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The Bleeding Hearts of the Chronically Ill: Balancing Advocacy and Basic Needs


Those living with chronic illness often deeply wish to raise awareness, advocate for health justice, volunteer to help others, or otherwise give back to the community. However, in our zeal to transform systems and uplift others’ suffering, we can inadvertently neglect our own basic needs.


Many chronically ill patients come from lower-income backgrounds or currently face financial insecurity due to exorbitant medical costs, time off, and lack of consistent full-time work. Maybe we are starting over, going back to school, or changing locations or jobs to find a healthier environment both physically and emotionally. Another layer is many carry subconscious limiting beliefs and poverty consciousness from our upbringings. Additionally, living with health challenges day after day can distort our perception of what we are realistically capable of handling. Our bleeding hearts desperately want to help, but our depleted bodies and minds have limits.


Navigating these dynamics requires brutal self-honesty and boundaries. We must balance our advocacy with prioritizing fundamentals like getting enough food, paying bills, and resting when needed. Yet because society glorifies self-sacrifice and grind culture, putting ourselves first can feel selfish or lazy. Additionally many chronic illness communities are desperate for additional holistic support, many feel like if we don’t do it, who will? The opposite can look like creating a power facade in the advocacy world to hide the deeper layers of pain, unintegrated traumas, and the authentic reality of our lives. Some use the bolstering to stoke their egos to simply, “feel better” about ourselves. But this false narrative is just too costly for a patient living with chronic illness. The honest but more vulnerable way to find a sustainable balance is to have integrity by being brutally honest. With ourselves, others, and especially our community. What good is it to pretend we are living the high life, and displaying all our gratitude if truly we hide our pain. This only prevents others from being more transparent of the challenges many if not most patients face. Are we ready to have honest discourse that we can be grateful yet be struggling? Are we ready to be honest and develop the authenticity it requires to embrace a holistic vantage point of well, life? This is not exclusive to patients, it truly is the nature of our human condition in this age of doing more and juggling more and more as our culture becomes sicker and more stressed than ever before.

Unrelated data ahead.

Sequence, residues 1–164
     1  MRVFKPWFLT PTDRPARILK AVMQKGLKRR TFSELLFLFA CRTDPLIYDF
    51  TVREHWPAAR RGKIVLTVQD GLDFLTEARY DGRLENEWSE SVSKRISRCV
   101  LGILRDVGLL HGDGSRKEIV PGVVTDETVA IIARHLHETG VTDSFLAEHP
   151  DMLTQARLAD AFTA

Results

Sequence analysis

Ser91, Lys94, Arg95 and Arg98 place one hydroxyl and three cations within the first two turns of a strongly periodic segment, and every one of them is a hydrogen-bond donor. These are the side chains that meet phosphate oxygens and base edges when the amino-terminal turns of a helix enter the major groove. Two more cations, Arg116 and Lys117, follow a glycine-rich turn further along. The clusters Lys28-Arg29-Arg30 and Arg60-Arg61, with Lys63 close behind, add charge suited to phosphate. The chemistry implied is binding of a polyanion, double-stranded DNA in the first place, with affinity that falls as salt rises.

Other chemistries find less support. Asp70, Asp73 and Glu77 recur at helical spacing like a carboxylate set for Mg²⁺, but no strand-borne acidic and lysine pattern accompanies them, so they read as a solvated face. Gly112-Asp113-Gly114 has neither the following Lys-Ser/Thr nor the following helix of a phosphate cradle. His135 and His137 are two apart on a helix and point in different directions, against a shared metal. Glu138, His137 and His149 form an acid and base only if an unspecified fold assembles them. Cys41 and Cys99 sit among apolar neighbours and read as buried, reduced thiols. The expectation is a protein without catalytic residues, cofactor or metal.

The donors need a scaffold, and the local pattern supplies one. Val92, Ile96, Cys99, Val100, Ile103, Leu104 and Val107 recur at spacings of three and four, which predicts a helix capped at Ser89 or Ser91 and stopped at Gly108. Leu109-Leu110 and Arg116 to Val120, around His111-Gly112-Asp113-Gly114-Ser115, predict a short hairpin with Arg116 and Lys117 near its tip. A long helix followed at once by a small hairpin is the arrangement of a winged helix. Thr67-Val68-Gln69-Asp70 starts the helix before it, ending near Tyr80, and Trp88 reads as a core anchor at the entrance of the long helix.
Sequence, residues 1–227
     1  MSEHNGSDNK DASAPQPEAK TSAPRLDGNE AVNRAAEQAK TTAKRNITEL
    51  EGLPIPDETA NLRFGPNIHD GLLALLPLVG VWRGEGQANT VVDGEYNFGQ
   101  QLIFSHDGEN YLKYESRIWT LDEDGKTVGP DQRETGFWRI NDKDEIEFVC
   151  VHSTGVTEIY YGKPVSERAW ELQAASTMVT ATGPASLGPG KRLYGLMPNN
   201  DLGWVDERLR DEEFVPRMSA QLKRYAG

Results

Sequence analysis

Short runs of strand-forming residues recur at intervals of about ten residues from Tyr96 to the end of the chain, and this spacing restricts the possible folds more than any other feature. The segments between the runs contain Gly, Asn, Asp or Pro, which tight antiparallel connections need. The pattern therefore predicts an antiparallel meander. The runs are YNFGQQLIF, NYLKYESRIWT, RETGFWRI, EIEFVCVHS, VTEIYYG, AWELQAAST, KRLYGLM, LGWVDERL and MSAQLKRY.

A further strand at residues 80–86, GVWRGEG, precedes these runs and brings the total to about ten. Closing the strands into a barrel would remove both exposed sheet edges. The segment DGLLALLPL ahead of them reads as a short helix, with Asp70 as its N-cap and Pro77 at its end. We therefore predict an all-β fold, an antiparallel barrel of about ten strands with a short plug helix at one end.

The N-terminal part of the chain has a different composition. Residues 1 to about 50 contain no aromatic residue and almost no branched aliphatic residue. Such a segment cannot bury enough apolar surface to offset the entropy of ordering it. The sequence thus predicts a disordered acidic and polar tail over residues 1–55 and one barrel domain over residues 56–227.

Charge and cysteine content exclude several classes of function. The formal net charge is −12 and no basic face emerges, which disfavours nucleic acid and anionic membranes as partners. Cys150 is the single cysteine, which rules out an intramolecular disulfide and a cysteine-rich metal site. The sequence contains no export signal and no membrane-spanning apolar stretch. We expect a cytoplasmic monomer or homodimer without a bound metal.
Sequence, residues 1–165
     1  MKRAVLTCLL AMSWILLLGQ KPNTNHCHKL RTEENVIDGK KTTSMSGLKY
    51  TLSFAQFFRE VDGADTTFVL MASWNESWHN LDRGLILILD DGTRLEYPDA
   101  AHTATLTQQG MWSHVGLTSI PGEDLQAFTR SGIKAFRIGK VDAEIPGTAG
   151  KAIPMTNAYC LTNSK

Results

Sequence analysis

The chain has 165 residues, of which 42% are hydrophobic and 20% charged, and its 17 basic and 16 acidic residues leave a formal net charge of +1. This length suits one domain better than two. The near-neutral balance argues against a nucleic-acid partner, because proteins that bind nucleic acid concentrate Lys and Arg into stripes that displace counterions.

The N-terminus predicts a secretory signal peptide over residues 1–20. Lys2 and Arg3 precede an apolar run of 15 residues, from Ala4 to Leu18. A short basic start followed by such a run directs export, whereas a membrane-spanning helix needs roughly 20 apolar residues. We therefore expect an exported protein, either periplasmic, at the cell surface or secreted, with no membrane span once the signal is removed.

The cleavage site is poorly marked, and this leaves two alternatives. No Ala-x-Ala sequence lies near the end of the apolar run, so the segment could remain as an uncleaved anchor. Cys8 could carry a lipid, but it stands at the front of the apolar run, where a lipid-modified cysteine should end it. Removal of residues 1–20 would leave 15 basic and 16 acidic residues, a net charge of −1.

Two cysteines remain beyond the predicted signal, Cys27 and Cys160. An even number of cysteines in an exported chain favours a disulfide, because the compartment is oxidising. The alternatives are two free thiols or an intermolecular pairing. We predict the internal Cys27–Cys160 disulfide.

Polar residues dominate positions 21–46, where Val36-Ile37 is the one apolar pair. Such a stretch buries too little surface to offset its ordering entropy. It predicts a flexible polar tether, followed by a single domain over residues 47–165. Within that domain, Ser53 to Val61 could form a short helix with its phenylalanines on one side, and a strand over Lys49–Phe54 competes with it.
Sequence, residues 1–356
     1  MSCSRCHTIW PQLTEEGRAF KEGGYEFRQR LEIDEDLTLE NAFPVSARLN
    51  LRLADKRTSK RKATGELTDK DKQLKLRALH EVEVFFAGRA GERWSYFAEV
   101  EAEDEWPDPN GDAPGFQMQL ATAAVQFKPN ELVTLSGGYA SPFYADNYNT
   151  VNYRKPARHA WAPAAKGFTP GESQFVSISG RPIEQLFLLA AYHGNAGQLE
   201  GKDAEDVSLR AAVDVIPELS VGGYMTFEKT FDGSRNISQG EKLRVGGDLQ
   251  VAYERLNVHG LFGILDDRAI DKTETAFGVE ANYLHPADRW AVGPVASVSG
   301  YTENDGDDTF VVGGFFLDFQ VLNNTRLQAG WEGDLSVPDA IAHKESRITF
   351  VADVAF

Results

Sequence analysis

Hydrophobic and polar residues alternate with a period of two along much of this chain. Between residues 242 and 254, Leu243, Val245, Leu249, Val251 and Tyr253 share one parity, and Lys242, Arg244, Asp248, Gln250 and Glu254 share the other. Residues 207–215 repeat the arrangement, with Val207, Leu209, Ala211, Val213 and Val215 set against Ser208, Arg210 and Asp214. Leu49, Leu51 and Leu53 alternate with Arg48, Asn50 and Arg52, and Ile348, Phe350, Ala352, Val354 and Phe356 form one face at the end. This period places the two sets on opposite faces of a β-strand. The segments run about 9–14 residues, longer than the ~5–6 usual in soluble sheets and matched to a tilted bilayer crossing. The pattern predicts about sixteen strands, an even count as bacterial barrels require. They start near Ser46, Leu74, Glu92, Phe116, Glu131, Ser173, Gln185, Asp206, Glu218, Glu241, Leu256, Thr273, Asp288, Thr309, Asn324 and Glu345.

The truth is the chronically ill community must often reframe our own stories again and again first before diving into activism or volunteerism. When we overlook or occult financial struggles, physical exhaustion, we loop in patterns of fragmentation and further hardshop, in the name of helping others and a cause. Are we unconsciously trying to prove our worth by mimicking able-bodied advocates or people who are not living day to day with managing a chronic illness?


Rather than harshly judging these tendencies, have compassion for the psychological underpinnings. Then set clear limits around how much time and emotional bandwidth goes toward external causes versus self-care. Outsource tasks when possible and stick to capacities that are sustainable. Take a solid assessment of where you are at. From there, write our your needs and desires. Step by step takes measures to balance your own life first. One of the most rewarding ventures is to be of service to to others. But when our empathy is rooted in people pleasing patients must learn the psychology and learn it's okay to care for the self first.


Advocacy matters, but so does honoring a depleted body and nervous system. For the chronically ill, advocating for self care while nurturing wellbeing is a radical act in an overactive ableist world. Balance is key for avoiding burnout and continuing the long-haul fight for not only justice but for our lives as well. We can uplift others more powerfully when our basic needs are first met. One of my favorite quotes I refer to often when teaching yoga is, "when you show up in your authenticity and vulnerability, you offer permission for others to do the same". It's time to be completely honest and transparent. It's what this world might need most.



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